Judge in Drew Peterson case considers mistrial
A furious Judge Edward Burmila sent jurors out of the courtroom before grilling prosecutor Kathleen Patton for allowing a witness to mention a bullet and leave the impression that Peterson left it in the witness' driveway.
The judge in Drew Peterson's murder trial considered Wednesday whether to declare a mistrial after blasting prosecutors for a second time in less than two days for bringing up information he said could prejudice the jury against the former police officer.
A furious Judge Edward Burmila sent jurors out of the courtroom before grilling prosecutor Kathleen Patton for allowing a witness to mention a bullet and leave the impression that Peterson left it in the witness' driveway. Burmila then took a recess to allow defense attorneys to file a motion for mistrial.
"It can't be reckless, it is intentional," Peterson attorney Steve Greenberg told the judge when court reconvened, arguing that prosecutors violated court orders.
Peterson was charged in the 2004 death of his third wife, Kathleen Savio, after his fourth wife, Stacy Peterson, went missing in 2007. Drew Peterson is suspected in her disappearance but hasn't been charged.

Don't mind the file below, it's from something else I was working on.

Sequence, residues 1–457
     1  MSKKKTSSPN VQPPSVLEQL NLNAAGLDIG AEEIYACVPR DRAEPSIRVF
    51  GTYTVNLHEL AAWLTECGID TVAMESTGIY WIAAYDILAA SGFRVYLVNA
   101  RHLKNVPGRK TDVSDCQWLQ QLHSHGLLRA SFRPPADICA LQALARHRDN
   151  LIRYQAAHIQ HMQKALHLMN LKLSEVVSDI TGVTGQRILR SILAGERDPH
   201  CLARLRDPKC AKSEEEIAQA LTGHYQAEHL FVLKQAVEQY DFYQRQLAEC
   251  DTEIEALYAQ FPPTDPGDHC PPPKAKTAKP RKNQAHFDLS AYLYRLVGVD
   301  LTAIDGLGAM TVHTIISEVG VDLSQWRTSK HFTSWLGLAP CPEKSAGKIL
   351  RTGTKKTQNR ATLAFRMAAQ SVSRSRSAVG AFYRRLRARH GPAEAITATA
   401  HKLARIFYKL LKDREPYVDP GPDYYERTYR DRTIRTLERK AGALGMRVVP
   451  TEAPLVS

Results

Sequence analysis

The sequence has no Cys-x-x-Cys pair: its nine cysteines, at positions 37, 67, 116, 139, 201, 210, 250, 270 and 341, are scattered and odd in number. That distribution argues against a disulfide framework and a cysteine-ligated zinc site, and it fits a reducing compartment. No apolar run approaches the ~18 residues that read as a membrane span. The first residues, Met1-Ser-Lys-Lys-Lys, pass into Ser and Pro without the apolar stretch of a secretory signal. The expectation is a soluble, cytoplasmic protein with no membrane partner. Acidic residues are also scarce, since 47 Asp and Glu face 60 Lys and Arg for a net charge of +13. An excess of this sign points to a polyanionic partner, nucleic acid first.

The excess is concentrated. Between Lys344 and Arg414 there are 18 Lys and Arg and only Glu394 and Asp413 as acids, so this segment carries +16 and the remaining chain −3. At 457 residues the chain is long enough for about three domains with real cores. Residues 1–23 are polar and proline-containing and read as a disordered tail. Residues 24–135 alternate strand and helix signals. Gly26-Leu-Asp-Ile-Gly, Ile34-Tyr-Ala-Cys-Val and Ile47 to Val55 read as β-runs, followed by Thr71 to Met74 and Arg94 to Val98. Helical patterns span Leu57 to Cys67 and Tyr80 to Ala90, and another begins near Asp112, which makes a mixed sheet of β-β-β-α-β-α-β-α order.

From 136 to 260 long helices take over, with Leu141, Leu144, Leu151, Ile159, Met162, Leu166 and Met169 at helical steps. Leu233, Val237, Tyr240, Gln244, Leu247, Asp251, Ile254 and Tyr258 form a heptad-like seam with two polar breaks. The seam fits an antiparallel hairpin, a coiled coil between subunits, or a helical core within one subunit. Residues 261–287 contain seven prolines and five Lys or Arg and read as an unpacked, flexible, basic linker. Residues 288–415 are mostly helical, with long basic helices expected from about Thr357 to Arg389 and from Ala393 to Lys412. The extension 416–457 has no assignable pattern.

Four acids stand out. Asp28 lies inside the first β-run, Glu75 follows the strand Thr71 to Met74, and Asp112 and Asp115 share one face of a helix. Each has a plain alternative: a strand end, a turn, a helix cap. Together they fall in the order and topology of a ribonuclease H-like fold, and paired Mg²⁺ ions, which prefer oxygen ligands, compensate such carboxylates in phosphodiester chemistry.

Patton said prosecutors didn't deliberately try to get the witness, former Peterson neighbor Thomas Pontarelli, to mention that he found the .38-caliber bullet on his driveway.
The judge appeared close to declaring a mistrial Tuesday after a prosecutor began to discuss an allegation that Peterson once tried to hire a hit man.
Prosecutors contend Peterson killed Savio and tried to make it look like an accident. Defense attorney Joel Brodsky told jurors repeatedly during his opening statement that there was no evidence Savio's death was anything but a tragic accident.
Peterson's real-life drama inspired a TV movie starring Rob Lowe, and many speculated whether the former police sergeant used his law-enforcement expertise to get away with Savio's murder and make 23-year-old Stacy Peterson vanish.